Friday, June 26, 2009

Communication in architecture and the case against BS

I had a question earlier about BS in this profession. The exact question was this:

This job requires the ability to BS some.Can you describe some etiquette for when to BS and when not to? How much BS is too much? When is humility more beneficial? And when to call people on their BS, contractors, subs, city staff, consultants, project designers, etc.

Here's the short answer: BS is never okay. Here's why: there are generally three types of statements with regards to facts: true, partly true, and not true. Those are easy enough to understand. But bullshit (or BS as we're politely calling it here) is another whole breed of statement. BS isn't even concerned with truth: it doesn't care what's true, it doesn't know what's true, and it doesn't care enough to find out what's true, it's just about smoothing things over and making themselves look good. Moreover, it's lazy communication. The ultimate goal of all professional communication is to be clear, respectful, timely, and appropriate. BS is none of these. That's why there's no place in your job or career for it. Not to sound like your mother, but if you don't want to receive it, then don't give it out.

Some people confuse tact and diplomacy with BS--it's a common misconception, but they're two different animals. Tact is about speaking respectfully. If the contractor hasn't finished picking up all their punchlist items and it's going on 90 days after the owner has moved in and started using the building, then you need to remind the contractor of this:

Wrong: "You people need to go fix that crap. You haven't been doing your job and you'r making us all look stupid. I don't care what the problem is, just finish the damn punchlist."*
Right: "The owner has mentioned that there are still some outstanding punchlist items to be picked up. When are you planning to wrap those up?"

Diplomacy is being mindful that there are two (or more) sides to every situation and being able to problem-solve when you're hearing all these sides:

Contractor: "Well, we've been out there for two weeks straight. I dunno what else they want us to fix. Man, they are such a bunch of whiners."
Architect: "Dude, I can completely understand how frustrating this is, 'cuz you feel like you've fixed everything and we're all ready to move on. What they've mentioned to me is that the sink in the break room barely has any water pressure, and there are still a bunch of dings and scratches in the halls on the north end of the building. And I know we just wanna be done with this project, but they did pay for a nice, new, complete building, and we owe it to them to do that."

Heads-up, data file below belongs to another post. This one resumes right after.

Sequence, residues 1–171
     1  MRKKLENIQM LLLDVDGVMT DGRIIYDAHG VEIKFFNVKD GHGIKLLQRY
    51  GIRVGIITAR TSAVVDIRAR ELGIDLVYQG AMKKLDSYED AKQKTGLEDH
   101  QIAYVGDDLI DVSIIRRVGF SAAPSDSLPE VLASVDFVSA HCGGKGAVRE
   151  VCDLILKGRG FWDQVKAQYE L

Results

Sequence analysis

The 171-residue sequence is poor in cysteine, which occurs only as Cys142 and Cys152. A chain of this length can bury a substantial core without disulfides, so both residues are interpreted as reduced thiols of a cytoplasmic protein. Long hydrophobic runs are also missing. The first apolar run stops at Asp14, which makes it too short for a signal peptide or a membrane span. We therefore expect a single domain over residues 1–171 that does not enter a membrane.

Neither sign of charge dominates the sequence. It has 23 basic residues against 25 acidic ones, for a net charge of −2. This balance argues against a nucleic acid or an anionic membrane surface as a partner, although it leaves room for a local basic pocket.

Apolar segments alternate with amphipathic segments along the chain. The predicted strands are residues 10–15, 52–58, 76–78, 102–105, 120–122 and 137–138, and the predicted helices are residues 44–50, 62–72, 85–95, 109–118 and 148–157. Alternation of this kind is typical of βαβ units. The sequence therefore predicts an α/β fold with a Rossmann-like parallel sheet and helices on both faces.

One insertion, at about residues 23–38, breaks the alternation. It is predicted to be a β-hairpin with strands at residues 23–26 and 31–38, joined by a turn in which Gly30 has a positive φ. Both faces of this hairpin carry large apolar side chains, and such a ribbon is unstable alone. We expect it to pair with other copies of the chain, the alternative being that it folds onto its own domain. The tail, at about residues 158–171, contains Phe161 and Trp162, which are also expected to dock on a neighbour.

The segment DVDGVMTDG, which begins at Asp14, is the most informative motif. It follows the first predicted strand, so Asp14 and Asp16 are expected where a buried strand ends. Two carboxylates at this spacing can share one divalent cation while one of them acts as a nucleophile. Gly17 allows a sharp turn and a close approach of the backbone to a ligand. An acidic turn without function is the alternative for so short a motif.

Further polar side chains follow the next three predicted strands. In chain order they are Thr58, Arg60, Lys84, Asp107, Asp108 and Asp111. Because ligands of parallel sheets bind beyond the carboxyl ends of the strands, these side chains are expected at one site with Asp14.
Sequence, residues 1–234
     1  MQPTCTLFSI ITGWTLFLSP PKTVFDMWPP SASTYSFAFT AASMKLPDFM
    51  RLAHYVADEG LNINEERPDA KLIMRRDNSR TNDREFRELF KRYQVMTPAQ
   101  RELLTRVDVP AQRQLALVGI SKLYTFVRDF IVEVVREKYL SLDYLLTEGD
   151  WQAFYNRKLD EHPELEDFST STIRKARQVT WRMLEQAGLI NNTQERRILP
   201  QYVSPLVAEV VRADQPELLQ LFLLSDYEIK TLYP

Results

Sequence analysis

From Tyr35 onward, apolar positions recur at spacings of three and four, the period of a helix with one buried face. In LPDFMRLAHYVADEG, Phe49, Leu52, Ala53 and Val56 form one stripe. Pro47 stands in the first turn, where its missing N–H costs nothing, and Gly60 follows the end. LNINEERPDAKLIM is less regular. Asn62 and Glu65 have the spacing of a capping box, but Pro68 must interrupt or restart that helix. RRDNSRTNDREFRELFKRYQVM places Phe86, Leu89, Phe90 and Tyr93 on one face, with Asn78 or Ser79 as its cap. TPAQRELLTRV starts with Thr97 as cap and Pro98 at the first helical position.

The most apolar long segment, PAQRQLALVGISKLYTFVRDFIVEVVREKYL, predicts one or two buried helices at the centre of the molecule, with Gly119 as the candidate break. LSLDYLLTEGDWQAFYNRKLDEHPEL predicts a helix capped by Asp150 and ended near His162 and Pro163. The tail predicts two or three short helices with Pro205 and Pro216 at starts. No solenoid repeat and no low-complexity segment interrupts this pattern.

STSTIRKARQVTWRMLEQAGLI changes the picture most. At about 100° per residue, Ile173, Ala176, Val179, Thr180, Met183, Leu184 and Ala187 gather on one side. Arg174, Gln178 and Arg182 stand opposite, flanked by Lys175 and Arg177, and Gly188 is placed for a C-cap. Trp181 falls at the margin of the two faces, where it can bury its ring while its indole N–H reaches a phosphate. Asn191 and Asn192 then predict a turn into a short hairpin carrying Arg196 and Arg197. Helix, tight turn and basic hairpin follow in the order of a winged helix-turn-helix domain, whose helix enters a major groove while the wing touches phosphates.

Sometimes, people will say things that you may not have the authority to handle, or they may say things that can't be verified easily or that will take some work to verify. When this happens, you call them on it with tact and diplomacy in the service of the job.

Contractor: "Look, they gave us our retainage, so we're done, y'know? And frankly, that place looks frickin' perfect. The subs were just up there fixing that drywall and that sink; they're just being picky."
Architect: "You were just up there? Did any of your sus meet with the facilities manager before they started their repairs to check what needed to be done?"
Contractor: "Uhh, awww they had the punchlist, so that's what they followed!"
Architect: "And you're sure they followed the punchlist? Because sometimes there can be a miscommunication if someone from your office wasn't right there and able to say, 'no, this is the part that needs to be fixed--'"
Contractor: "Naw naw naw, they followed the punchlist. Ricky's a sharp guy--he does good drywall, that's why we use him!"
Architect: "Hm. Well, how about this: before either of us drives an hour and a half to the jobsite again, I'll have them email us some photos and maybe a video of the problems they're still having, and them we can see how bad it really is. Sound good?"

At this point, if the contractor likes the idea, you can follow through with the owner and make certain whether the owner's being picky or if the contractor's shirking his job. If the contractor balks at your suggestion, then you know you just threw the BS flag and you've caught him. Mostly you can cut through BS by probing some: how do you know what you're telling me? How are you so sure? Might there have been some confounding factors that would have given you a bad answer? The parts of the above exchange that you might not have authority to deal with is the money thing, the bit about "we have our retainage so we've been cut loose." Run that by your boss to see if that's an acceptable excuse (it's usually not--mostly it's bad business for a contractor). If you're ever not sure, just say you'll run the situation past your boss and see if you two can come up with a solution.

I suppose you can use humility in the workplace mostly in terms of simply being aware that you too are a fallible human being. That's why you want to speak respectfully when you ask someone "hm, that's interesting, how do you know that?" You never know how they know what they know--either you'll bust them for some nonsense or you'll learn something new. Calling people on BS doesn't have to be a verbal arm-wrestling match. It actually works better if you're respectful about it, especially if there are witnesses. Ideally, you give a BS'er enough rope to hang himself or herself with in front of others.

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